It was the result Spain’s Socialist bigwigs had feared: a resounding victory for Pedro Sánchez in their party’s primary on Sunday, beating Andalusia premier Susana Díaz and former Basque premier Patxi López to become leader for a second time.
Many had believed Sánchez was dead and buried last autumn, when his first spell as leader of the Spanish Socialist Workers’ Party (PSOE) ended in acrimony. His ouster had been triggered by two poor general election results, followed by a refusal to abstain in a parliamentary investiture vote in order to allow Mariano Rajoy to form a new conservative administration.
But this has been one of the unlikeliest political resurrections Spain has seen, made possible by an equally unlikely makeover on the part of Sánchez.
Up and down
In the summer of 2014, he emerged as a relatively unknown party moderate with orthodox economic policies to win that year’s leadership contest with the backing of the PSOE hierarchy. The young, telegenic university professor was seen as a leader who was unlikely to rock the boat.
But he soon incurred the wrath of the powerful Díaz and others at the top of the party, who used his poor electoral performances in 2015 and 2016 as ammunition against him. When he seemed determined to extend the political stalemate of last year by ordering the party to vote against Rajoy’s investiture, a brief but messy civil conflict ensued, leading to his removal. A caretaker PSOE leadership then took over and abstained, allowing Rajoy to govern.
In recent months Sánchez has returned, offering a very different agenda to that of his first unhappy tenure, turning last year’s anti-Rajoy motto of “No means No” into a positive-sounding campaign slogan: “Yes is Yes.”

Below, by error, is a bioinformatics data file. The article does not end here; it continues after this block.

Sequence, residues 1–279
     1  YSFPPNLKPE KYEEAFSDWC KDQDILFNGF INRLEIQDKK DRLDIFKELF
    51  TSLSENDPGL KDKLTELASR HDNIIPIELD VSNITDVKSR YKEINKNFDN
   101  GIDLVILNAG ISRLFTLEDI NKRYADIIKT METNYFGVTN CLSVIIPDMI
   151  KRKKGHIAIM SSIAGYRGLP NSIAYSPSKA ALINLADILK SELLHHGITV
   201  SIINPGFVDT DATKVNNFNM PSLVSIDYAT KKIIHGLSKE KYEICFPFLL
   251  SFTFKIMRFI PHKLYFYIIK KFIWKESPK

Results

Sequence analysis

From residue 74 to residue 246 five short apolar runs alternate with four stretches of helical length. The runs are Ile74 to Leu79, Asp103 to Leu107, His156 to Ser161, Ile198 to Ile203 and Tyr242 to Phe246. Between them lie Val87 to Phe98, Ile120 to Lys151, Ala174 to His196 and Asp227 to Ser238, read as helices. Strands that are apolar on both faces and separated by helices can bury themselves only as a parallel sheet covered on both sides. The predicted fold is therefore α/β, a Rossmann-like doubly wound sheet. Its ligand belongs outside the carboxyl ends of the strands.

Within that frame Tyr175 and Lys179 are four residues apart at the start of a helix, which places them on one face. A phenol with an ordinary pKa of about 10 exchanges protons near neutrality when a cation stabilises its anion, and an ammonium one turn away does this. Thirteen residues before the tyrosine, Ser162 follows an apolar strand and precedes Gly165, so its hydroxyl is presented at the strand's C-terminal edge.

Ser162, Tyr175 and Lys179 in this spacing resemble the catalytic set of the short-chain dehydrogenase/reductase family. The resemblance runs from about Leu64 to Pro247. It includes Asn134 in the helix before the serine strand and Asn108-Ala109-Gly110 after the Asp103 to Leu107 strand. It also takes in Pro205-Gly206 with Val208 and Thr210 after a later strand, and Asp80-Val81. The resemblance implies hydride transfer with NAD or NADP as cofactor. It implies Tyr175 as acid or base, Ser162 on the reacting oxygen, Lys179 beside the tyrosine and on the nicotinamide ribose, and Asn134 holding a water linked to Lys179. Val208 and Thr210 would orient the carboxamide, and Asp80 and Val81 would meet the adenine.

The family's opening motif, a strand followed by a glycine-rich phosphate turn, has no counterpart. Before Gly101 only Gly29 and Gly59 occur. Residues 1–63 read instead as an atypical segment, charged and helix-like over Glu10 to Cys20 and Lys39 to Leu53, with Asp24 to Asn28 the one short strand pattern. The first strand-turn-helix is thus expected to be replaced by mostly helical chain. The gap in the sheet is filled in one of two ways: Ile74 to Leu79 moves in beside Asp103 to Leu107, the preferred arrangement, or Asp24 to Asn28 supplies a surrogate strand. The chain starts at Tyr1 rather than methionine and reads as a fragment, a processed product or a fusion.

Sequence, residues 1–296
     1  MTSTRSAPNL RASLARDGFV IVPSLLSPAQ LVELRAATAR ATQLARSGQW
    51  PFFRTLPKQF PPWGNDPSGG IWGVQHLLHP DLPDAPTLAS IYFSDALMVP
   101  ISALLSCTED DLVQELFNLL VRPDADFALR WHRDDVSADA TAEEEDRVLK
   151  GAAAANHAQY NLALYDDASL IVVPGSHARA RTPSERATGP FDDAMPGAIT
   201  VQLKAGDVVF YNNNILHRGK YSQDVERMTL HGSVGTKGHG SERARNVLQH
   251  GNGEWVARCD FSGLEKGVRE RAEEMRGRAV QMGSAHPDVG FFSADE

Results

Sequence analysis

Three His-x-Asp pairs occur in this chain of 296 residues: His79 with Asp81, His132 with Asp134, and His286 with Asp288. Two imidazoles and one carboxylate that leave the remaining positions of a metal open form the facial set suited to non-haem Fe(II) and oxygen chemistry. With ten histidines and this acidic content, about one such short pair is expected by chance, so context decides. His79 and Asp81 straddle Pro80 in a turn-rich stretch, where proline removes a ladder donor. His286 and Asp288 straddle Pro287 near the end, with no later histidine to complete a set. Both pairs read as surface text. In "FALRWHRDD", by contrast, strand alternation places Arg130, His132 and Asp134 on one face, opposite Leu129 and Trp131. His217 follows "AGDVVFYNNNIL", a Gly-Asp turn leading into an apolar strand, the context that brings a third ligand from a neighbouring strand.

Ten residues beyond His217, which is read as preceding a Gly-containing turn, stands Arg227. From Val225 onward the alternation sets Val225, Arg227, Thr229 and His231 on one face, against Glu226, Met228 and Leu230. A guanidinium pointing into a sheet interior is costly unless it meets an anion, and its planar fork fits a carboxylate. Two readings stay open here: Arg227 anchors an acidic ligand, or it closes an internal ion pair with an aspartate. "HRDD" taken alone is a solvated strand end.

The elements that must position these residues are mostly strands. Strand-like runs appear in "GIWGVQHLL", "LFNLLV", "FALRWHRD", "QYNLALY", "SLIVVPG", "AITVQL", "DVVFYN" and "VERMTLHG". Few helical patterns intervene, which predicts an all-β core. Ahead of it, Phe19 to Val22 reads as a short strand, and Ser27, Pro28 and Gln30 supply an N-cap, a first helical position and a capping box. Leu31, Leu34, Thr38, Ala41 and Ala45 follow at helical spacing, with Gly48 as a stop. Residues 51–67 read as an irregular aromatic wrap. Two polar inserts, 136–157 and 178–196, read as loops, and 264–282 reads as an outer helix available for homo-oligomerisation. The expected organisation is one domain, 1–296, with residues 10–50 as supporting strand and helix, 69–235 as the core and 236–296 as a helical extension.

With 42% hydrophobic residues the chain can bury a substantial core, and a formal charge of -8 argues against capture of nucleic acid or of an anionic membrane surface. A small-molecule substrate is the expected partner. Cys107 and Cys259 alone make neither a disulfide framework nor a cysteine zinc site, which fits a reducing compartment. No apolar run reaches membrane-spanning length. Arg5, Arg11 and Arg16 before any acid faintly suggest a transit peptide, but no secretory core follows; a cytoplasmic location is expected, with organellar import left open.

That campaign hinged on two main issues: reorganizing the Socialist Party in order to make it more horizontal and responsive to the voices of grassroots members; and reaching out to the party’s left — to Podemos, specifically — with a view to forming a leftist coalition government in the future.
The new-look Sánchez has been driving around Spain in recent months, rousing Socialist militants against the party machine which helped Rajoy and his corruption-plagued People’s Party to govern and singing The Internationale at the drop of a hat.
But Sánchez has also hinted at a shift in policy in another key area. During the primary campaign he referred to the region of Catalonia as a “nation”, a significant nuance on a highly sensitive issue.
Catalan nationalists are pushing for a referendum on independence, with or without the central government’s blessing, in a wrangle that has plunged Spain into a territorial crisis for the last half decade. Sánchez’ use of the word “nation” suggests he is now more sympathetic to Catalan demands for self-determination than he was previously and certainly than others in his party.
In short, Sánchez promises to be a much more disruptive opposition presence than Díaz, the runner-up in Sunday’s contest.
Critics see in all of this evidence of cynical flipflopping: that Sánchez adjusts his language and proposals according to his audience in a bid to fulfil his enormous personal ambitions.
But he is back, whether they like it or not. And if he follows through on the promises he has made since remodelling himself as a somewhat radical figure, Sánchez 2.0 is going to shake up not just the Spanish Socialist Party, but the country’s politics.
This article originally appeared at The Corner, Spain’s only English-language financial news website, May 22, 2017.